In this category many of the top fighters have fought each other from before. A good mix of young fighters pushing upwards, and fighters with impressive many year at the top level. Julie Lamarre / Canada (KAN/Royama) Entering the Wold Championship podium back in 2011, being the runner up the IKO1 open weight Wold Championship. Two years later,2013, she became the World Champion in weight categories IKO1. Been two times on the KWU World Champions podium, last time in 2019,where she fought Alemgul Sabyrkhan / Kazakhstan (KAN/Royama). Sabyrkhan mange to fight trough Lamarre – who is very good at keeping her distance, disturb the rhythm of the fight and torment her opponents with front-kicks and variations. Sabyrkhan went to the final where she also secured a win, and became KWU World Champion on home soil. In this final she fought reign champion Agata Winiarska / Poland (WKO)

Agata Winiarska are also in the line up this year, and also the reign champion of this tournament. Winiarska did as the only non-Russian fighter win in this championship back in 2017. 5 out of 6 categories went to Russian fighters, the last one to Poland and Agata Winiarska. Russian athletes could not prevent this, and became runner up and 3rd place holders. Winiarska had to dig deep, winning quarter final Mariya Panova / Russia and the final vs Olga Ivanova / Russia, This had only happen one time before, at the very beginning -97 (Paula (Long) Warden). All other gold medals in the IFK women category trough time has gone to Russian fighters. The same are the fact for men, only in 97 a non Russian fighter took the gold, Timmy Warden.

We mention Alemgul Sabyrkhan obove, but the second fighter from Kazakhstan Azhar Akylova / WKO do also have very good record. Azhar Akylova, or Azhar Zhaxybayeva before getting married, can really stand against the best, and can deliver strong kicks and punches trough long fights.

Sweden are also strongly represented with three fighters. All three now what this is all about – to put it that way, and will for sure give their opponents a hard time. All three Swedish fighters was on the EC podium late in 2021 ,December, Amber Lindblom / IFK 2nd and Mette-Marie Nielsen IFK 3rd in the KWU EC, as Sanne Larson / WKO 3rd in European Cup. Roxanne Ramselaar / The Netherlands (KWF) can also be tough to crack, being the runner up in the KWU World Championship in 2019, competing in the +70 kg category.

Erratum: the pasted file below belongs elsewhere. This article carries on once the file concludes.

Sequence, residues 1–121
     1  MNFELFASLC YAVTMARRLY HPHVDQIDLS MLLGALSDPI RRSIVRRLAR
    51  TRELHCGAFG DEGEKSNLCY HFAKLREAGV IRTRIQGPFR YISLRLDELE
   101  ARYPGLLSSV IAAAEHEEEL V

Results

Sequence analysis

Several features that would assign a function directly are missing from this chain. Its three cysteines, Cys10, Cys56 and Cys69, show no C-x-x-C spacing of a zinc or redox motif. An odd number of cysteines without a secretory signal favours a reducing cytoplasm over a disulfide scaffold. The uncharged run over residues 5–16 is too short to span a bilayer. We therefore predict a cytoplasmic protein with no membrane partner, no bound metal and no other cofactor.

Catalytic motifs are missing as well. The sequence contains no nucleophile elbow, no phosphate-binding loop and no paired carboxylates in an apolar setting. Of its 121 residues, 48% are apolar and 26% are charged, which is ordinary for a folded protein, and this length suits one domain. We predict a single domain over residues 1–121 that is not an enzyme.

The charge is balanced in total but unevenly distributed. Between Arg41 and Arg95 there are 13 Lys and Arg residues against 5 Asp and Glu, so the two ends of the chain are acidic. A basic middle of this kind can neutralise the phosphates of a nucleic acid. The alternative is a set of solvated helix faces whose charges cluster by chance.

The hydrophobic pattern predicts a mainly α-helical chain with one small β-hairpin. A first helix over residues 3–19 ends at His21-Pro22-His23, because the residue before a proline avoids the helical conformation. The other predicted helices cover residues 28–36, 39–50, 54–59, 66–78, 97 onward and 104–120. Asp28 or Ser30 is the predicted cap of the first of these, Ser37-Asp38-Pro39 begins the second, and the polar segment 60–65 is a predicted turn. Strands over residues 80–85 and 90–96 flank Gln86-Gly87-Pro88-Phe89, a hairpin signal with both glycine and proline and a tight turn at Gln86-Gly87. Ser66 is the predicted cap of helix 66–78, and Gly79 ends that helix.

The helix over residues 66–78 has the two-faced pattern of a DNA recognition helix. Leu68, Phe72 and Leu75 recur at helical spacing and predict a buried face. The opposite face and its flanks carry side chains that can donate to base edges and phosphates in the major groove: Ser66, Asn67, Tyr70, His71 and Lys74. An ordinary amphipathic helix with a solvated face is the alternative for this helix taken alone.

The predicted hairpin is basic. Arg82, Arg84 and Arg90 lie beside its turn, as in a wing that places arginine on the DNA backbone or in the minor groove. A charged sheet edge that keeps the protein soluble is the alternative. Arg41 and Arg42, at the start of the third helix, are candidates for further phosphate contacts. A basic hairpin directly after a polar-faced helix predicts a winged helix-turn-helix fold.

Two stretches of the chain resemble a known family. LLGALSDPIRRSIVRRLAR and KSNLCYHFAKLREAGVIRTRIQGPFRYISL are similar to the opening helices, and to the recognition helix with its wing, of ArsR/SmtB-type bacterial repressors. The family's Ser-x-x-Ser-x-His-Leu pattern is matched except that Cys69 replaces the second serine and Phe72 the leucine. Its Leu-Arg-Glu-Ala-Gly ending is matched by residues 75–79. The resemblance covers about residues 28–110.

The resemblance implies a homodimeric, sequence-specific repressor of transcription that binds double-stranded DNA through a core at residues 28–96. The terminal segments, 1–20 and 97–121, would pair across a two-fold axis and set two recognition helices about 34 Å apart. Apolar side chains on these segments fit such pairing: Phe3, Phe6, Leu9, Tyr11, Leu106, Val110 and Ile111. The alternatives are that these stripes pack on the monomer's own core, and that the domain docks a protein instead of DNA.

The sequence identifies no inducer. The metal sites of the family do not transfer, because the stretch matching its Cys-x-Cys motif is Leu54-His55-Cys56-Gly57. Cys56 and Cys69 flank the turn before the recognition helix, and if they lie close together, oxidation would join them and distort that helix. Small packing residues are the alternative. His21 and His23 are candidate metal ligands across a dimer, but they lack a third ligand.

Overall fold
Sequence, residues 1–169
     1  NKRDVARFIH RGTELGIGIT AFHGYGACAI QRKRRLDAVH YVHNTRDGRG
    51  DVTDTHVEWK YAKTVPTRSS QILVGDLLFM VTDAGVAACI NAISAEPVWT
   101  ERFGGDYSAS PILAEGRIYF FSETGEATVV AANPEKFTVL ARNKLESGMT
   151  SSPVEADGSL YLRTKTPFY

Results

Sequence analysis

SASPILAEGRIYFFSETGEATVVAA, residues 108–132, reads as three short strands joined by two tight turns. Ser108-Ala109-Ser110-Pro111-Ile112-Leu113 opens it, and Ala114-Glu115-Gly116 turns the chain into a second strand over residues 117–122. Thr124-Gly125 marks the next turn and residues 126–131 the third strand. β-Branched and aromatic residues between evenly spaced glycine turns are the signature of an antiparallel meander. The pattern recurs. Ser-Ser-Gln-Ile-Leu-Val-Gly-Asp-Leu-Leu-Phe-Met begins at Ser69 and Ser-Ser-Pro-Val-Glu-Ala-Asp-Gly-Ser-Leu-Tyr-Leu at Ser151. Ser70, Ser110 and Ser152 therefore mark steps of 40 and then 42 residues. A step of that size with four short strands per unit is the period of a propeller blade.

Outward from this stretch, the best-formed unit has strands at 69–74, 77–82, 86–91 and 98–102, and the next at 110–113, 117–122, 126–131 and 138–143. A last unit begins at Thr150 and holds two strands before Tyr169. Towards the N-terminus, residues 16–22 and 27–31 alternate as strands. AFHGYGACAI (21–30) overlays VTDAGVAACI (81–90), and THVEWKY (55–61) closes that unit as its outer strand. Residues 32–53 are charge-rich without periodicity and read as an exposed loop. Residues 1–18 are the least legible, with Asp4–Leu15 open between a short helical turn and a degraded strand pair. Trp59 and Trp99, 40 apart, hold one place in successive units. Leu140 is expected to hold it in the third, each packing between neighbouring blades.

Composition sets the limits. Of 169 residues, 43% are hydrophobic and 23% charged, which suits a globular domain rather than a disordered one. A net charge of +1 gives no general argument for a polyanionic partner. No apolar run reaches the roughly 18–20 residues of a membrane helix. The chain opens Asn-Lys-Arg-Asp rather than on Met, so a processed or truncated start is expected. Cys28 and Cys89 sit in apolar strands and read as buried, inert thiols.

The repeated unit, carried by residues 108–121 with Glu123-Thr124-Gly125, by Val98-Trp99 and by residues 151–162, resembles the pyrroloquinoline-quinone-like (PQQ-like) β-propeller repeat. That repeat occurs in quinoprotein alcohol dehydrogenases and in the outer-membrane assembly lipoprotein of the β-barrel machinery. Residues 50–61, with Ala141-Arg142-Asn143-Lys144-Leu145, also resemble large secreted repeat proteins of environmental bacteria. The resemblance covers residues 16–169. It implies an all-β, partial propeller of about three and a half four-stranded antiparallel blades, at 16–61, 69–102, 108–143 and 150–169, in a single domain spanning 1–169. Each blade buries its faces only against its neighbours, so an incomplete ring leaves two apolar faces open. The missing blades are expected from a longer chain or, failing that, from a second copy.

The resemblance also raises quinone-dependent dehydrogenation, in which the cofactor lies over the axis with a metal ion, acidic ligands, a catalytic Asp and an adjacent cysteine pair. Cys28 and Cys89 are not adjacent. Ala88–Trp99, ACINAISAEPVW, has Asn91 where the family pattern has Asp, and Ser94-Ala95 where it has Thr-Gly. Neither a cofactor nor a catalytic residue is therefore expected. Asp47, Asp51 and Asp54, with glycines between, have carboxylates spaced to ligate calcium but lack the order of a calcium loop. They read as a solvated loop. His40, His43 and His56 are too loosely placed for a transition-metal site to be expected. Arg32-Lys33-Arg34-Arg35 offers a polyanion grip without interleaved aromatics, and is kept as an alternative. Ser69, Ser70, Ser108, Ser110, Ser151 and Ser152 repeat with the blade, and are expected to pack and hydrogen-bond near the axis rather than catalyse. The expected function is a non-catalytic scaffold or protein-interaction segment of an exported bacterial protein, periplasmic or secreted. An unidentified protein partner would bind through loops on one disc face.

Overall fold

In short: 4 World Champions – and a wolf-pack right behind!

Men Heavyweight + 90 kg

In this category, it is safe to say that we can not compare with previous World Championships. The category is against normal this time the weakest men’s class, both when it comes to the number of athletes (19) and participation. This class used to be the most generous to win, due to the insane high level and the number of absolute top fighters. To put things in perspective we can look at the latest World Championship results.

  1. Vitaly Ishahneli / Russia
  2. Vasily Samadurov / Russia
  3. Alexander Karshigeev /Russia
    Dmitry Solovyev / Russia
  4. Yuriy Kirakosyan / Russia
  5. Denis Morozevich / Russia
  6. Roel Noordman / The Netherlands
  7. Hristo Georgiev / Bulgaria

Just a quick look at the top 4 gives us the perspective we need, but just for the complete picture we can add the full – top eight. The impact of the Russian fighters in this category has been beyond all other categories, and all of them got so many strong merits that it would take all day to list up. Only Roel Noordman from last time podium will enter this time.

The category misses profiles as we are used to see. Not only if we think about Russian fighter, but profiles overall. Neither are the strong nations that we are used to see in different tournaments represented in this category. Vasil Dimitrov / Bulgaria (KAN/Royama) and Kevin Cid / Spain – both on the KWU EC podium in 2021, but the category could only offer 8 fighters including them self – and we could wish to see them into heavier challenges. Hovhannes Sargsyan / Armenia (IFK) made it into top 8 last time, but in an lighter weight category, secured 8th with two victories – and it will be interesting to see him into a heavier category, and if he can climb higher this time.

For the heaviest merits, we think of that the veteran Ilya Yakovlev / Kazakhstan (WKO) Became the KWF World Champion on home soil in 2018, but took on an even higher harder challenge, reaching 8th place in the 12th World Open Championship WKO in 2019. Time will show how it will turn out and possibilities for a “fast track” to the podium comparing to last time is possible, so we can get “unknown champions” But nothing comes for free in Kyokushin – neither does this on!